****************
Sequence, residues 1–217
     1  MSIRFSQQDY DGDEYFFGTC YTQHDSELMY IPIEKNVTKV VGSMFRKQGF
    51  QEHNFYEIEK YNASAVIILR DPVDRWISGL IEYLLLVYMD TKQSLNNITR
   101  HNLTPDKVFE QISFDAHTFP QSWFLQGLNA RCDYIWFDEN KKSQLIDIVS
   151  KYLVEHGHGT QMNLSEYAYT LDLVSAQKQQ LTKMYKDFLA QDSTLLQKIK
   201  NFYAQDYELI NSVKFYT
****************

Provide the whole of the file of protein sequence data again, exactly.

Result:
Sequence, residues 1–217
     1  MSIRFSQQDY DGDEYFFGTC YTQHDSELMY IPIEKNVTKV VGSMFRKQGF
    51  QEHNFYEIEK YNASAVIILR DPVDRWISGL IEYLLLVYMD TKQSLNNITR
   101  HNLTPDKVFE QISFDAHTFP QSWFLQGLNA RCDYIWFDEN KKSQLIDIVS
   151  KYLVEHGHGT QMNLSEYAYT LDLVSAQKQQ LTKMYKDFLA QDSTLLQKIK
   201  NFYAQDYELI NSVKFYT